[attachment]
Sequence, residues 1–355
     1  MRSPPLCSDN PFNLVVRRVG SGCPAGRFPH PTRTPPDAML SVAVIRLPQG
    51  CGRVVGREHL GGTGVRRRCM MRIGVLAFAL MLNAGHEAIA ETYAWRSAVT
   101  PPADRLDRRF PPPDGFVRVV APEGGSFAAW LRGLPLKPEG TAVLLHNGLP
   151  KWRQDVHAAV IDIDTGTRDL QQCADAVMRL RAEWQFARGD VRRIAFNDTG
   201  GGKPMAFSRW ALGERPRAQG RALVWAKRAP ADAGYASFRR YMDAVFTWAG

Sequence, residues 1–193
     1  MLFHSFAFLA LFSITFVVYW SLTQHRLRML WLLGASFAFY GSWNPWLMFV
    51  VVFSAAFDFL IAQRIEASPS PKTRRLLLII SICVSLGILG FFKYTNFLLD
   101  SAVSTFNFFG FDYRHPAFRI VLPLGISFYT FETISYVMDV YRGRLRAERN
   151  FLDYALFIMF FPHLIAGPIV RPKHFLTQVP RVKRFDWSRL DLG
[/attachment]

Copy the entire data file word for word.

Sequence, residues 1–355
     1  MRSPPLCSDN PFNLVVRRVG SGCPAGRFPH PTRTPPDAML SVAVIRLPQG
    51  CGRVVGREHL GGTGVRRRCM MRIGVLAFAL MLNAGHEAIA ETYAWRSAVT
   101  PPADRLDRRF PPPDGFVRVV APEGGSFAAW LRGLPLKPEG TAVLLHNGLP
   151  KWRQDVHAAV IDIDTGTRDL QQCADAVMRL RAEWQFARGD VRRIAFNDTG
   201  GGKPMAFSRW ALGERPRAQG RALVWAKRAP ADAGYASFRR YMDAVFTWAG

Sequence, residues 1–193
     1  MLFHSFAFLA LFSITFVVYW SLTQHRLRML WLLGASFAFY GSWNPWLMFV
    51  VVFSAAFDFL IAQRIEASPS PKTRRLLLII SICVSLGILG FFKYTNFLLD
   101  SAVSTFNFFG FDYRHPAFRI VLPLGISFYT FETISYVMDV YRGRLRAERN
   151  FLDYALFIMF FPHLIAGPIV RPKHFLTQVP RVKRFDWSRL DLG